The $19 billion New Zealand Superannuation Fund is having a strong year to the end of February, but that was before the earthquake, tsunami and nuclear crisis hit Japan.
New Zealand's retirement nest egg made a 3 per cent return in February, with a strong rally in world sharemarkets, taking its financial year-to-date return to 22.5 per cent.
The return so far for the first eight months of the financial year is better than any full year since the fund was set up in 2003.
The lion's share of the fund, almost 63 per cent, is in global shares, worth about $12b at the end of February.
However, world markets took a hit and Japanese shares plunged after the earthquake on March 11, before partly recovering the losses.
"The Super Fund has about $475m invested in Japan and its shares went down in line with the main share index.
"Our exposure to Japan across all investment classes – including catastrophe bonds linked to Japan, equities, fixed interest, and a little bit of property – is 2.5 per cent of the fund," Paul Gregory, a spokesman for the Guardians of New Zealand Superannuation, said.
On an annualised basis, the NZ Super Fund has returned an average of 7.9 per cent a year since the fund began, despite a huge collapse in the fund during the global financial crisis in the 2008/09 year when the fund lost more than 22 per cent of its value.
The average annual returns are seen by some experts as much better than expected for the fund, especially when it has no new contributions from the Government coming in, so it needs to sell existing assets to make new investments. Mr Gregory said that the fund would not lose money on its catastrophe bonds linked to Japan because of the 8.9 quake there, the subsequent tsunami, and the linked nuclear accident.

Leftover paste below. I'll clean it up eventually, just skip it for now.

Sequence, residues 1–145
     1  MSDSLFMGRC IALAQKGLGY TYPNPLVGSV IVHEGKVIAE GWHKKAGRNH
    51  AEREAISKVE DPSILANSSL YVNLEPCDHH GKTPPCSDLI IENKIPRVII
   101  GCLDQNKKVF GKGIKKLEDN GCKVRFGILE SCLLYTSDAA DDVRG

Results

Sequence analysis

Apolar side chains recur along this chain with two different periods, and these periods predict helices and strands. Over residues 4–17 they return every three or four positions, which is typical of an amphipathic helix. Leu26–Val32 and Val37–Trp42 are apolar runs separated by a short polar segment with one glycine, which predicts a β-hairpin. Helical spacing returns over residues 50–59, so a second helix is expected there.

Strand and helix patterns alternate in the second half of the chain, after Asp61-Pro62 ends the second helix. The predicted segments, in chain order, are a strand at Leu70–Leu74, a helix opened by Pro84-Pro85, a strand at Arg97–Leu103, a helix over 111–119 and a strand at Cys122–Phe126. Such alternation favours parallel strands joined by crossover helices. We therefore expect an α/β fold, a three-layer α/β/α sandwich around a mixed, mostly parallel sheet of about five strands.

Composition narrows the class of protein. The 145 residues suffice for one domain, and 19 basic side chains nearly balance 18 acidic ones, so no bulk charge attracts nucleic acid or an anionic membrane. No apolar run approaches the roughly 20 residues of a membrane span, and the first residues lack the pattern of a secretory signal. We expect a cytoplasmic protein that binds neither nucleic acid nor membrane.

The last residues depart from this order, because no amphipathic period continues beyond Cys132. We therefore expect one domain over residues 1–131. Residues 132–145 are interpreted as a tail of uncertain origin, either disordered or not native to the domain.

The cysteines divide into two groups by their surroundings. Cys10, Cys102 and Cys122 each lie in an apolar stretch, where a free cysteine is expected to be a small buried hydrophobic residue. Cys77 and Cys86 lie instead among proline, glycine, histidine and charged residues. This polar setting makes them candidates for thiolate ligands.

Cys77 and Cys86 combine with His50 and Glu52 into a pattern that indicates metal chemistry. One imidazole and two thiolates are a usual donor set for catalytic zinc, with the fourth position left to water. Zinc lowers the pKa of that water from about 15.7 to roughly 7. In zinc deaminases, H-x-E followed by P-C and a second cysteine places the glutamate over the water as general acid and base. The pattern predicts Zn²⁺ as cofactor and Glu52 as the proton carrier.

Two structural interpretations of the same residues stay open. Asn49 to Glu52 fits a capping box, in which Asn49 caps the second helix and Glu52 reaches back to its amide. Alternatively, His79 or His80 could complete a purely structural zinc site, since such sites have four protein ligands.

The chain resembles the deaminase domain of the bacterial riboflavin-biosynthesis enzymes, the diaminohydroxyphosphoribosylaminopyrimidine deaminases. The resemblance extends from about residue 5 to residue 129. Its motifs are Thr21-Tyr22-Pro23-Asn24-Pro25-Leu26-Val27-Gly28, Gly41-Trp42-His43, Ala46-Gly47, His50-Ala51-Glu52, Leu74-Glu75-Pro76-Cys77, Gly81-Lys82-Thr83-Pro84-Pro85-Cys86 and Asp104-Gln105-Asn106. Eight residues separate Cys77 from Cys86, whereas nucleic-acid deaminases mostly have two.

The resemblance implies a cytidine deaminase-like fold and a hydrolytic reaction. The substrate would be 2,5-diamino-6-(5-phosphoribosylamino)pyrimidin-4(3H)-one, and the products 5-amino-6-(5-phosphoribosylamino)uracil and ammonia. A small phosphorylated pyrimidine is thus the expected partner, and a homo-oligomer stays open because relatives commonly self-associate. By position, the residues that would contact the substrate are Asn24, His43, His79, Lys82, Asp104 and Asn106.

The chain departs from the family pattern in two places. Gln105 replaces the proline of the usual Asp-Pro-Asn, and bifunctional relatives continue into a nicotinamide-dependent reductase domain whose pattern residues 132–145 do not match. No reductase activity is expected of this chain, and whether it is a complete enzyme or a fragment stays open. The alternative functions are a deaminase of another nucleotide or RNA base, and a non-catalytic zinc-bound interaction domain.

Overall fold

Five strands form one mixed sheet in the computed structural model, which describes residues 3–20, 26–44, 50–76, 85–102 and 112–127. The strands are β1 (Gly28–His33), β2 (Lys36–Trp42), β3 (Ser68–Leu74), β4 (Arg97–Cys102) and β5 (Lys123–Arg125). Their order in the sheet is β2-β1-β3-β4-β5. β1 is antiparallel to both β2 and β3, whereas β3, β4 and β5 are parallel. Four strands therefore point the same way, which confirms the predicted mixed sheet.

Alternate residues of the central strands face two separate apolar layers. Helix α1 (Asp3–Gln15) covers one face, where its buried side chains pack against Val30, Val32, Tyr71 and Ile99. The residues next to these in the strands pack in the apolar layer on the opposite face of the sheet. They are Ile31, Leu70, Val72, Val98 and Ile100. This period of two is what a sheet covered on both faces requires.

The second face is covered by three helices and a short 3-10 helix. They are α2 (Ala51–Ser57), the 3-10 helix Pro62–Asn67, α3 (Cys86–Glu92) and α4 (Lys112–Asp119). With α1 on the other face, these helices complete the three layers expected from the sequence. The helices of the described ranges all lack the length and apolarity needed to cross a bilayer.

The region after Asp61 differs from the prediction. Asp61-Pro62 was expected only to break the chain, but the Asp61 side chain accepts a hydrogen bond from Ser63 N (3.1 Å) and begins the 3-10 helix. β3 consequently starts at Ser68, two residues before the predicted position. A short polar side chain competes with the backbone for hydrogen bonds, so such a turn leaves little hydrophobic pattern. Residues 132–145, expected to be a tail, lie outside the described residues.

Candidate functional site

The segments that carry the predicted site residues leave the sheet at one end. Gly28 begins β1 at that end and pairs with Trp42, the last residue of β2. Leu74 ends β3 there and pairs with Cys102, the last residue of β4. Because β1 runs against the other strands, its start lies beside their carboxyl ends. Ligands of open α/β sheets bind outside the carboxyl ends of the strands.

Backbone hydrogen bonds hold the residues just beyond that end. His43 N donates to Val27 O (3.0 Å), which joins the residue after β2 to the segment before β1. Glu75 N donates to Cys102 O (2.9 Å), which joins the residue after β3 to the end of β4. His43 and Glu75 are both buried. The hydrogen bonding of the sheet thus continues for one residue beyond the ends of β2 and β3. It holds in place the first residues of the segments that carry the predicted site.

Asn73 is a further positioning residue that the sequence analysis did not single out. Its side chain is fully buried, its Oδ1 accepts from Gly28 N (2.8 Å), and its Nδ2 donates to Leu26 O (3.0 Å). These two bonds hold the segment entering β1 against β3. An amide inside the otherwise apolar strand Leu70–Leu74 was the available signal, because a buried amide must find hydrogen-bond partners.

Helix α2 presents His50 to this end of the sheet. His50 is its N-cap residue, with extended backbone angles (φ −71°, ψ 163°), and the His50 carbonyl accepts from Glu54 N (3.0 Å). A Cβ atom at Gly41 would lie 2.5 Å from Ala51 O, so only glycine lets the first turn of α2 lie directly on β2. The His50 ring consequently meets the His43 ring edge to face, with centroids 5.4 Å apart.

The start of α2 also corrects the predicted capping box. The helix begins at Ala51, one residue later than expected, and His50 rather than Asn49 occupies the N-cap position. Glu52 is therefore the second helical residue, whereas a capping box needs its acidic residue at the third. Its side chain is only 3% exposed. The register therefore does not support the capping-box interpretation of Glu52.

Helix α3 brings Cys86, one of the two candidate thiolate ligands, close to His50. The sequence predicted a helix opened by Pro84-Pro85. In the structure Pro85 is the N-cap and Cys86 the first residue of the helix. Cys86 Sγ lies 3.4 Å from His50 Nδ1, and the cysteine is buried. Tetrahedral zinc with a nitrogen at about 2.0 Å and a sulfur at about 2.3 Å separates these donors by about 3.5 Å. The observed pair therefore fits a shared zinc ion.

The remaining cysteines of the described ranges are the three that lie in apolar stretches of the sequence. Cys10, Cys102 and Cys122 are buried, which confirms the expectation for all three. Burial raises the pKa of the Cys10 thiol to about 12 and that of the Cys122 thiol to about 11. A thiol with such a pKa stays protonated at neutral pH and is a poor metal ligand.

It began investing in the disaster funds, known as "cat bonds" in February 2010 with US$125 million (NZ$169.6m), and since May has had a commitment to invest US$300m, though not all of that has yet been invested.
NZ Superannuation invested in cat bonds through Chicago-based Elementum Advisors, LLC, and said in its annual report that most of the money went into securities that covered US hurricanes and earthquakes, with some products covering European windstorms and Japanese earthquakes.
Despite the exposure to specific earthquakes in Japan, Mr Gregory said that the Guardians did not expect losses on the cat bonds because the specific triggers set for payouts were different to what actually happened.
Insurers and re-insurers typically sell cat bonds to help cover their most extreme risks such as an earthquake rocking Tokyo or a hurricane with the force of Katrina hitting Miami.
The NZ Super Fund will not start to pay out before 2031.
The Government dropped $2b a year contributions to the fund in the 2009 Budget, for at least a decade to reduce Crown borrowings.
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